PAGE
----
Today is the first day since I arrived home that I have ventured out into my community. Moving back Friday was hell, so yesterday I slept and unpacked, and today I got up early and went to church. I have always had a very strange relationship with my church. Personally, I’m not all that religious, but I was raised to be and my church has become something like my second home — the time I have spent in it potentially rivals that of my schools combined. It’s been a place for food, a place for learning, a place for working, and a place for community. Even though I have yet to decide upon a theology, I know I will always feel comfortable in that church.

While I was sitting in church, I thought I saw someone who resembled my eighth grade math teacher, a woman who was very prominent in my church and had taught my Sunday School class for a year, and then I remembered. It couldn’t have been her, because in my absence, she had lost a battle with cancer in her mouth and had passed away. I nearly cried right there in church because I couldn’t believe it had slipped my mind. I never realized how used I was to seeing her there in the front rows of the church and I couldn’t believe how much of an empty space she left. She seemed to have been always there in the background of my church community and now she was gone. I had heard about her death over Facebook, and my mom had sent me an email, but it had never quite sunk in until I noticed her absence in church this morning. I still can’t quite believe that she won’t ever be there again.

Maybe this is why young people feel such an urge to separate themselves from the societies they grew up in, a society that is growing old and ill and passing away, one person at a time. Young people are ready to start fresh, new lives, surrounded by exploration and discovery and the miracle of birth and they hardly have the strength to deal with the consequences of the passage of time. I always used to look down upon those who stayed in their sheltered communities of childhood, but I guess the stronger person would be the one who can build a new life for themselves surrounded by their aging childhood society. That isn’t to say some don’t stick around their hometowns out of laziness, but those who live at home with their parents until middle age are not the same as those nearly mythological upstanding youths who are able to thrive in their hometowns as adults. Those are the strong young people I am talking about.

My father’s mother and father have lived next door to us since I was about twelve, which turned my teenage years into a slightly less obnoxious small-town version of Everybody Loves Raymond. My senior year of high school, my grandfather began having serious health complications related to Parkinson’s, complications that have grown so serious we are not certain how much time he has left. Recently I noticed my cousins (who are, on average, about a decade older than I ) have been keeping a safe distance from the entire situation. I’m not calling them out because I’ve been doing the exact same thing. What can I say? I’ve been very supportive of my parents, but I’m not emotionally equipped to deal with this situation directly. I have so much to think about concerning my future that I am just not strong enough to handle my grandfather’s potential passing.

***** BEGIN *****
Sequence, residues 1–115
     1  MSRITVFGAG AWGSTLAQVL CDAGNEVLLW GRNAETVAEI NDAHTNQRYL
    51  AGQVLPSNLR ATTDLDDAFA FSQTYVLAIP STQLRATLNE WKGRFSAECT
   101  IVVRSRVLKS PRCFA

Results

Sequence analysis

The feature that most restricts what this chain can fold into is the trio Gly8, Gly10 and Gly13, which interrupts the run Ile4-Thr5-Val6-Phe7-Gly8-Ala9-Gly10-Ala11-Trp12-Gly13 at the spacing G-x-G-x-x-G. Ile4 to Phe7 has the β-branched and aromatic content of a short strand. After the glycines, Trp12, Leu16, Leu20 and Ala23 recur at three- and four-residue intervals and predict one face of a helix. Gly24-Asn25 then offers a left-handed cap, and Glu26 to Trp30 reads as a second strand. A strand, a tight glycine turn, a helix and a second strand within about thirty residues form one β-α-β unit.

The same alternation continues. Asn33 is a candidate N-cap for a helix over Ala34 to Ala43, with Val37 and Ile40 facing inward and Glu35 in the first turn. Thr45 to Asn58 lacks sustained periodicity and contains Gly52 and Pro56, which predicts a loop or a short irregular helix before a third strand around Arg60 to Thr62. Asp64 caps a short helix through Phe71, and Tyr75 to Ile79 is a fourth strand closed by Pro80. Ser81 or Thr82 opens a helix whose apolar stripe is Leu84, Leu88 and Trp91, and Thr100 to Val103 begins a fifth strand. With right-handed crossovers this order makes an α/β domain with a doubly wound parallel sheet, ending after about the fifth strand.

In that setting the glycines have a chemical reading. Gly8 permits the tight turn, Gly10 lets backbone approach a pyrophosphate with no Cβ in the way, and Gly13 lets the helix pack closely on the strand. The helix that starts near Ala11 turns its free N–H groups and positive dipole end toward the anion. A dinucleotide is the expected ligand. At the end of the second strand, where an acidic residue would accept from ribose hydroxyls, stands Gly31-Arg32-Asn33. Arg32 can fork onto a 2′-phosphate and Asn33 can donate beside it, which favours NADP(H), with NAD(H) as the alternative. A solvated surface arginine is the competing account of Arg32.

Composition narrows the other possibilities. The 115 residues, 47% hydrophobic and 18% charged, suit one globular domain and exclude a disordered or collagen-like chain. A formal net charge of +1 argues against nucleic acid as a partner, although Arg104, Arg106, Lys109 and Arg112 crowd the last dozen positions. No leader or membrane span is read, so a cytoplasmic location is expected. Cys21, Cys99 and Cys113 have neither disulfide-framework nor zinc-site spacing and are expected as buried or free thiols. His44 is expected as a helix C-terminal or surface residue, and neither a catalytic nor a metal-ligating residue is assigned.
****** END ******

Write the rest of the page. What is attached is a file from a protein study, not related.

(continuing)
This running-away from our families to start a new life is a relatively new Western introduction. Children used to have to stay close to their families because very few of them could afford to move elsewhere, and even if they could, their families needed them to stick around. It was a much different atmosphere. Family units stuck together. Now they are fractured all over the world. When things get hairy back home we have so many options available to us to comfort from afar. We can fly to a funeral and be sleeping in our own beds with relative peace of mind within a week’s span. We can discuss our parents’ finances with our siblings on the phone during the day, then kick back at night in our favorite coffee houses or bars to relieve the stress. Would we be able to cope half as well if we were to return one day and discover a favorite relative (or Sunday School teacher) has passed away? Or if we were to receive a letter bearing news of a death but were unable to visit and grieve with our family? What if we had to sit there and watch while a grandfather slowly lost control of his mental faculties? I doubt that when faced with that sort of emotional stress I would be strong enough to look forward to my new life.

Thank God for distance. I almost wish I were strong enough to be here for my family and also work to build my own future family, but then I realize that I should feel blessed to be able to move and start from scratch. Family is important to me, but it’s not my job right now. Right now, my job is to work hard so I can have children one day who I can teach these life lessons my grandfather (and my late Sunday School teacher) are indirectly teaching me right now.


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